The condo had no special attraction that set it apart from the others. This unit was not a penthouse. It was on the sixth floor of a 10-floor complex. The top floor units were not penthouses either. And the other agents were not wrong. The price was high. Still, the owner stood firm. One day, four months and many showings later, another buyer walked in. This time, it was different. This buyer loved the condo the moment he stepped through the doorway. The buyer made an offer before he even finished the tour. The agent could not believe what he had heard! He rushed to call the owner. The owner accepted the man’s offer, while the agent began to worry. Maybe the buyer would find out they were overpaying. Maybe it would all fall apart. But no, everything worked out. The place successfully sold for $549,000, which was a record high! The seller’s strategy was a huge success! Naturally, the real estate agent was thrilled. So was the owner, who made a substantial profit. The price was $110,000 higher than the previous condo that had sold two and a half months earlier for $439,000. The higher price was not because prices were rapidly increasing.


The next unit that sold (28 days later) went for $435,000. It was a less-desirable second-floor unit. Five months later, another similar condo sold for $450,000. Would you like to use this secret strategy to sell your home for more money? It does take some extra time and some extra work. But, as you can clearly see, the payoff is well worth the effort. What’s the secret strategy? What was the special request the wealthy home seller had for his agent? It was simple. He wanted to stage the condo. Staging is the act of sprucing up a home to make it as visually appealing as possible. It might sound crazy, but it causes homes to sell for more money. In fact, a whole lot more. Many agents encourage sellers to stage their homes. However, very few of them could ever show you a case study proving it will actually help your home sell for more money. Fortunately, this real estate agent knew he was onto something. He began researching everything he could find on staging, and the impact it had on sale prices. He put his findings together in a big write-up sharing the tactics the wealthy seller had taught him. He included all the examples he had found as case studies.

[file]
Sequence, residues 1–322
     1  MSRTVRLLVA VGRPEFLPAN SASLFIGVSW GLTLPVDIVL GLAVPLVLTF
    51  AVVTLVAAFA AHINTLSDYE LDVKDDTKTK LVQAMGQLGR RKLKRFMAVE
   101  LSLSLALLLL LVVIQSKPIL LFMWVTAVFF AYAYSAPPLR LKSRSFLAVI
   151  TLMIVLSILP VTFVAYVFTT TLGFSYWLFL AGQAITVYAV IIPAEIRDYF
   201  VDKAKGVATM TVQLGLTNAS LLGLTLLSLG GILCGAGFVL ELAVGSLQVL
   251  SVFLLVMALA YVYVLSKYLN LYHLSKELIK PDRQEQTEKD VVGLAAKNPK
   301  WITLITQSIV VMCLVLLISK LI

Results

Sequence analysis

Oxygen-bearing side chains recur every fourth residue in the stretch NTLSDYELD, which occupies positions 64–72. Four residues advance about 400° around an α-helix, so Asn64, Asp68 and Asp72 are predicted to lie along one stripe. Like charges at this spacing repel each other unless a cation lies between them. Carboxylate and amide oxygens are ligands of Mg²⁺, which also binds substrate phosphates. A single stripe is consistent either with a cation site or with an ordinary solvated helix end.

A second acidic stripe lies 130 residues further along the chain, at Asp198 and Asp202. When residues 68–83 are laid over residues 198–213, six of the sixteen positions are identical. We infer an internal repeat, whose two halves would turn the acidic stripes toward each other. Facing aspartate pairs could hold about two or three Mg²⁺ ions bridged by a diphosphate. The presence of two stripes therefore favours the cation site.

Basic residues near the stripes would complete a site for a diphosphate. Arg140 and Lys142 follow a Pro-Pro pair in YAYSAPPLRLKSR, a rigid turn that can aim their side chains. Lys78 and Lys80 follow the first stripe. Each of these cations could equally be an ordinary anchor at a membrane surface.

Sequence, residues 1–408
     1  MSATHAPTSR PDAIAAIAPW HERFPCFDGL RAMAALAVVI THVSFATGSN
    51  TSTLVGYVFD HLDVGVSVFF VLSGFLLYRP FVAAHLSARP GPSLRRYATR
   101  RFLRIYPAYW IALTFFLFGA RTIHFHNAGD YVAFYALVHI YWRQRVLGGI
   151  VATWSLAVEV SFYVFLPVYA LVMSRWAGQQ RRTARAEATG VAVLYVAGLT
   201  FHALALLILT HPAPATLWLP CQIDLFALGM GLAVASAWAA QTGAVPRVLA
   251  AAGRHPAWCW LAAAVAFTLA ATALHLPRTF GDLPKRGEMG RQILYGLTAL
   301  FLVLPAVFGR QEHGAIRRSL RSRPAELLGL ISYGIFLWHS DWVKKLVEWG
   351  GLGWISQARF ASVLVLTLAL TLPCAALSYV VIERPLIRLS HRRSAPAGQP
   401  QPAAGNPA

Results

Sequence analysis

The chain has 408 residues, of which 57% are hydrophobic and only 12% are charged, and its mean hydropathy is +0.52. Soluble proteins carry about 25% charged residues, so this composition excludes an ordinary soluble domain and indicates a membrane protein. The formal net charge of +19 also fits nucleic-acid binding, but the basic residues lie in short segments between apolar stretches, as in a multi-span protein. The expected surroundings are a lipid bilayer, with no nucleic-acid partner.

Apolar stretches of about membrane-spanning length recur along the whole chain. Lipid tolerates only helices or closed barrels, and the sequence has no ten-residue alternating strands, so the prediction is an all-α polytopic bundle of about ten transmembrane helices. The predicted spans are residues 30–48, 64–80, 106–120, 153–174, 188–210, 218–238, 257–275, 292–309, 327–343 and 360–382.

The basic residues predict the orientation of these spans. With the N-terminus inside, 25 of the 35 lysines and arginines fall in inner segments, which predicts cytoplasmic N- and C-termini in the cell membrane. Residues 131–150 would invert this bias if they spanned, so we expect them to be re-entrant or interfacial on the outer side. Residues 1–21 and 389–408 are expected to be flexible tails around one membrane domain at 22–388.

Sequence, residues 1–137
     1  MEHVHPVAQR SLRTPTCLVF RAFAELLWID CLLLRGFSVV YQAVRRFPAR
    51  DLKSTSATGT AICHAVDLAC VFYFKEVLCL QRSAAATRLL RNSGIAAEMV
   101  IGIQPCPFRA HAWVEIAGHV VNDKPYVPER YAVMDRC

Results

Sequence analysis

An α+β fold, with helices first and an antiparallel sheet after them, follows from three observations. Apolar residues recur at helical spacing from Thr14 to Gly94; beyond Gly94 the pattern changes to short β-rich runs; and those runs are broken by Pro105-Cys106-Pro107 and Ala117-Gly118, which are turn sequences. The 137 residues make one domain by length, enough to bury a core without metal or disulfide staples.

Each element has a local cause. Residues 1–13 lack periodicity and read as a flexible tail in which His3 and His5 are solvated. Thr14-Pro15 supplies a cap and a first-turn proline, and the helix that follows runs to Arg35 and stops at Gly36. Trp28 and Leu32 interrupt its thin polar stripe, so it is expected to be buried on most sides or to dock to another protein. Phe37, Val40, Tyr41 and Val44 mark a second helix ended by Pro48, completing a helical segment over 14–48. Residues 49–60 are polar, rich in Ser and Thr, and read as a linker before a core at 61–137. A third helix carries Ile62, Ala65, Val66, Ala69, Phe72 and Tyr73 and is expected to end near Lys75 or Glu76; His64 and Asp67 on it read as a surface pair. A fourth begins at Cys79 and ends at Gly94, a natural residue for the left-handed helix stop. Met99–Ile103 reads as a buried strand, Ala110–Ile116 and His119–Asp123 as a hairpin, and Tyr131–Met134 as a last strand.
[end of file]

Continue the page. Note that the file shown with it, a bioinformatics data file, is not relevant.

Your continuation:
The next chapter is an excerpt from his report, with one of the case studies he recorded.


• Staging a home to look visually appealing can be the secret to selling a home for more money.


CHAPTER 11 Why Home Staging


Dear Reader,

I wanted to give you the most convincing proof possible. Many people find it hard to believe the simple act of staging helps one home sell for more than another similar home. In my research, I looked for examples of similar houses being sold for differing amounts of money where only one of the two houses were staged.

The clearest example I could find was in these two listings.

This development has 200 equivalent townhomes. Every single townhome in the neighborhood is 3 stories with 3 bedrooms and 3 bathrooms. Every single unit has the exact same floor plan.

I looked for two sales there, and found these:

• Townhome A sold on August 26. • Townhome B (5 doors down) sold on July 26, for 40,000 dollars less.